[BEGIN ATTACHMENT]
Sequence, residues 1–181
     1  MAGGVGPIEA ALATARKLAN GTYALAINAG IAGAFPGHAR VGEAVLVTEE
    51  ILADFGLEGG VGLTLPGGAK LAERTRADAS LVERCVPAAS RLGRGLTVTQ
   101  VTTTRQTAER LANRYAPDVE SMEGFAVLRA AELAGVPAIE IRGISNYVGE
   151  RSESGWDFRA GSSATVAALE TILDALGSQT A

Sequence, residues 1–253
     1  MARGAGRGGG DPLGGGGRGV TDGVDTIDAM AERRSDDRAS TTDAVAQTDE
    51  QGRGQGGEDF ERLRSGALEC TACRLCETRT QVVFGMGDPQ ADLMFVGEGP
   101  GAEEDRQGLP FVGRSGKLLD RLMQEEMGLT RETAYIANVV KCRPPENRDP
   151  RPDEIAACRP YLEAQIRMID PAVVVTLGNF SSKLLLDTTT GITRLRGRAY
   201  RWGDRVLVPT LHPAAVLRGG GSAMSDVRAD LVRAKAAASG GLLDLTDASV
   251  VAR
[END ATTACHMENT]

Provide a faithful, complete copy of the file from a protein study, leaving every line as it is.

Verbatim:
Sequence, residues 1–181
     1  MAGGVGPIEA ALATARKLAN GTYALAINAG IAGAFPGHAR VGEAVLVTEE
    51  ILADFGLEGG VGLTLPGGAK LAERTRADAS LVERCVPAAS RLGRGLTVTQ
   101  VTTTRQTAER LANRYAPDVE SMEGFAVLRA AELAGVPAIE IRGISNYVGE
   151  RSESGWDFRA GSSATVAALE TILDALGSQT A

Sequence, residues 1–253
     1  MARGAGRGGG DPLGGGGRGV TDGVDTIDAM AERRSDDRAS TTDAVAQTDE
    51  QGRGQGGEDF ERLRSGALEC TACRLCETRT QVVFGMGDPQ ADLMFVGEGP
   101  GAEEDRQGLP FVGRSGKLLD RLMQEEMGLT RETAYIANVV KCRPPENRDP
   151  RPDEIAACRP YLEAQIRMID PAVVVTLGNF SSKLLLDTTT GITRLRGRAY
   201  RWGDRVLVPT LHPAAVLRGG GSAMSDVRAD LVRAKAAASG GLLDLTDASV
   251  VAR